Blind man tests Google self-driver
'LOOK MA, NO HANDS!' Test driver Steve Mahan is legally blind, but you'd never tell at the wheel of his self-driving Google Prius.
DETROIT, Michigan - Google Inc, best known for its search engine, thinks self-driving cars can be a regular occurrence on US roads in the next few years. It’s in talks with automakers to roll out the technology, the Detroit News reports.
After all, one of their test drivers is legally blind...
Speaking at the SAE World Congress in Detroit, Google project manager Anthony Levandowski told the assembled engineers: "The most important thing computers can do in the next 10 years is drive a car.
"We don't know what it's going to take to show it’s safer than a driver but it's much sooner than the next decade."
SELF-DRIVING FOR ALL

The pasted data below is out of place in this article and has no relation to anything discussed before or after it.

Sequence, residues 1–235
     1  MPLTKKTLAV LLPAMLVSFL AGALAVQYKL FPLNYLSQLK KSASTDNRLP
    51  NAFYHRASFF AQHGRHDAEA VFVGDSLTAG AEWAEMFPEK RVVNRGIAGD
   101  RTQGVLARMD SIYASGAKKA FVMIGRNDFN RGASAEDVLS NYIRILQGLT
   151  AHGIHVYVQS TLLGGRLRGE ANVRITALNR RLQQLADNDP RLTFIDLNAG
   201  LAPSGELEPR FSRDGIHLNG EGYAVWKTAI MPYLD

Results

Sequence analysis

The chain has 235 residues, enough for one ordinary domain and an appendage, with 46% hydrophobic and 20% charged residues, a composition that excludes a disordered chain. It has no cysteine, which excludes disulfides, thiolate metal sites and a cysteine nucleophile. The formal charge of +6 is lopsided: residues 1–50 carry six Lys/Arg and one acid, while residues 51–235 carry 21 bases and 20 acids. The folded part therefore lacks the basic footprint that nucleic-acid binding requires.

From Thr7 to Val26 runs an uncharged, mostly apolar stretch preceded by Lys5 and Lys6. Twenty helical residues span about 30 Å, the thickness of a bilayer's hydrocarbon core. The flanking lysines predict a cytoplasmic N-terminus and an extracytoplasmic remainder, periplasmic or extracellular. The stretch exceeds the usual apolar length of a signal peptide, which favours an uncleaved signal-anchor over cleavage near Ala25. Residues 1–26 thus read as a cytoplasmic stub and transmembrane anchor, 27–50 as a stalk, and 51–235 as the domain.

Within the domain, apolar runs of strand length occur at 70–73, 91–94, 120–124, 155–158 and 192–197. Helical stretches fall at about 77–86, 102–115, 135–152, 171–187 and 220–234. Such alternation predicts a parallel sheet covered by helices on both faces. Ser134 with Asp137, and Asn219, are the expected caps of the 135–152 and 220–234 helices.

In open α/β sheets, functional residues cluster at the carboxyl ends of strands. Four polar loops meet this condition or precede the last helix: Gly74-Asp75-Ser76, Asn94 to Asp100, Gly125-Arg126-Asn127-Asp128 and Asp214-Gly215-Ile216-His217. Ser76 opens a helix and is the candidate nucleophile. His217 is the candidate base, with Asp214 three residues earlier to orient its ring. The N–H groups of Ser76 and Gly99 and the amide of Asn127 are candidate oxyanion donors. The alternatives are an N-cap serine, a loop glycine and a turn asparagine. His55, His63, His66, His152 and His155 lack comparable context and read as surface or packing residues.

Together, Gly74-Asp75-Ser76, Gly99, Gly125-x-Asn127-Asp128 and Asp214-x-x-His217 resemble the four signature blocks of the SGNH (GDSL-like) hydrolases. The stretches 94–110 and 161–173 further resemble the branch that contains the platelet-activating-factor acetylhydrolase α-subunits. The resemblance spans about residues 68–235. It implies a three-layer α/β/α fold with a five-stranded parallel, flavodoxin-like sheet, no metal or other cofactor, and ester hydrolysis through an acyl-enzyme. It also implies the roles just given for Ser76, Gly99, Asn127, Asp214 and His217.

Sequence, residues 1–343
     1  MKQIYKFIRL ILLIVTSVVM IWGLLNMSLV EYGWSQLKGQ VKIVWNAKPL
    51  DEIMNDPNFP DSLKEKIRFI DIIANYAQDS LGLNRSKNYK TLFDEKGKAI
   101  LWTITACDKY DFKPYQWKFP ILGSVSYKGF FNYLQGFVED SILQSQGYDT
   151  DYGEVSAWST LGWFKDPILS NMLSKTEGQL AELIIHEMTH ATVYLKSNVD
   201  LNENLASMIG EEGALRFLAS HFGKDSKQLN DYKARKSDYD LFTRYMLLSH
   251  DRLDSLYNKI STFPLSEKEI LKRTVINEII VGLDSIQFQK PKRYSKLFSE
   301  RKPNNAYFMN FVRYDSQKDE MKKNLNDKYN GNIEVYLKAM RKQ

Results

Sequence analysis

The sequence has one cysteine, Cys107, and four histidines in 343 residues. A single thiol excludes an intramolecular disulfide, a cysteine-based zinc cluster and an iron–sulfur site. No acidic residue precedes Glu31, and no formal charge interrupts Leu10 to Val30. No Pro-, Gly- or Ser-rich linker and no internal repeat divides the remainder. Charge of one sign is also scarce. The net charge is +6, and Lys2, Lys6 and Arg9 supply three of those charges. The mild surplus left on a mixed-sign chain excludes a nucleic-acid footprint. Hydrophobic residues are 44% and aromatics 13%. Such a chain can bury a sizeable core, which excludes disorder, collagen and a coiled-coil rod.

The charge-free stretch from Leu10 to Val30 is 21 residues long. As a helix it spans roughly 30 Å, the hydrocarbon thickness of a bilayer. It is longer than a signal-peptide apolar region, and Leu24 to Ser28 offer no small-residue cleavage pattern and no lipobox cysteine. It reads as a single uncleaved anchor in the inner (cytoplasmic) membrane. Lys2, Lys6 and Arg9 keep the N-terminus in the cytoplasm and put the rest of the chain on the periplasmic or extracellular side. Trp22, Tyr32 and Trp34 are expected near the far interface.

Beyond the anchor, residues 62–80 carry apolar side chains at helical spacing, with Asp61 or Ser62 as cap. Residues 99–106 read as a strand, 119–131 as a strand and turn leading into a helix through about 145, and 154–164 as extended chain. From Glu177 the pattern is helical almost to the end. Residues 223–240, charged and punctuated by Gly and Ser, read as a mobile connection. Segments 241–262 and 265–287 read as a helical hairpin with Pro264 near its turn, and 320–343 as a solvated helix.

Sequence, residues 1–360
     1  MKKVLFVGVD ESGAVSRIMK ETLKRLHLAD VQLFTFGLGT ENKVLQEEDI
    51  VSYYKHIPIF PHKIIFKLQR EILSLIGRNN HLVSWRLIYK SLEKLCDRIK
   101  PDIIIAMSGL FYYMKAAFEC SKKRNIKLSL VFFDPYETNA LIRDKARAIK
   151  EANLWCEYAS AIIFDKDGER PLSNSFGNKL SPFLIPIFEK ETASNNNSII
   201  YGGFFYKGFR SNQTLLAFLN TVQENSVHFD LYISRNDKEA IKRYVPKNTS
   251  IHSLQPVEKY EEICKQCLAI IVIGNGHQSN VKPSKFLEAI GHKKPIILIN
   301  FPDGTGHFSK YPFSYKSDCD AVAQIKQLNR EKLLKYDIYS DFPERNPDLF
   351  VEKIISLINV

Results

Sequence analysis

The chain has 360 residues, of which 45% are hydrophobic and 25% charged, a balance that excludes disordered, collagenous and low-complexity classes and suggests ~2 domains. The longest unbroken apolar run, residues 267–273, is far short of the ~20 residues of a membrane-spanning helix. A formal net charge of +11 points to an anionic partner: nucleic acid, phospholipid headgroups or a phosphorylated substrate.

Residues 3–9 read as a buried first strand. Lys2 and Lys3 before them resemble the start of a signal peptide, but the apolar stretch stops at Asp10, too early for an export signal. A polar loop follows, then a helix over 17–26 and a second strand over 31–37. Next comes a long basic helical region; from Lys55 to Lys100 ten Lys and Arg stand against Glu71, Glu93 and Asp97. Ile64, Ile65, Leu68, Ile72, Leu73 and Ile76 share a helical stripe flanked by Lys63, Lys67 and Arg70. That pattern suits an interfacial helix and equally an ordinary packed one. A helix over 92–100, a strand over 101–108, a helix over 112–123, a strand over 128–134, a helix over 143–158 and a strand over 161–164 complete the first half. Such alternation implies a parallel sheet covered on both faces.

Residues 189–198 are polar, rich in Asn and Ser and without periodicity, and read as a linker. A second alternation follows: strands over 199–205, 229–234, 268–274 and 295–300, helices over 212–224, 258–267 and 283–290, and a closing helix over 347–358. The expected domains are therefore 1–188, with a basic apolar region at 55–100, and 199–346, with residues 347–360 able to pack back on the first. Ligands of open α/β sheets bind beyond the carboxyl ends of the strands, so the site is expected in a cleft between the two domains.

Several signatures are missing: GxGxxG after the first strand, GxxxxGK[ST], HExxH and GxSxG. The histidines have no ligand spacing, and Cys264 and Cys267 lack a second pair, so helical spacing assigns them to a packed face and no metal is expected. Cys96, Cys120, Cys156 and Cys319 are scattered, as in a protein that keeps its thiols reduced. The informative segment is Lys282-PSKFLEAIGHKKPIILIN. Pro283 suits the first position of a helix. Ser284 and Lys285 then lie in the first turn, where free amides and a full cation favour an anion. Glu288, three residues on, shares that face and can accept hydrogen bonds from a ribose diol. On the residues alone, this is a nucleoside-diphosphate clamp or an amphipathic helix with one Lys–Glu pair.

Levandowski, the DetNews reported, said the company could make an announcement as early as 2013 on when it would offer the self-driving technology.
Google's self-driving vehicles are retro-fitted Toyota Priuses with added sensors and cameras that, the company says, on average completes a test course a couple of seconds faster than human drivers. Hoever, the DetNews added Google needed to prove that its self-driving cars were safer than humans.
"We don't want to make cars. That's not our interest," Levandowski said before adding Google could partner with one automaker to offer the technology or it could retrofit a small fleet of vehicles.
Levandowsi told reporters Google ws in talks with “basically every car company” and talking to suppliers to find "partners that want to work with us".
Automakers "understand it is happening and they want to play a role in that. Not everyone is excited to be first. Some of them are and we want to work with the ones that want to be first".
Google says it has logged more than 400 000km in a fleet of about 10 self-driving cars but wants to expand its test fleet and log at least 1.6-million km before it offers the technology to the public. It doesn't want to eliminate human drivers, just make the roads safer.
The cars will, however, remain semi-autonomous, requiring the driver to steer where certain data is unavailable.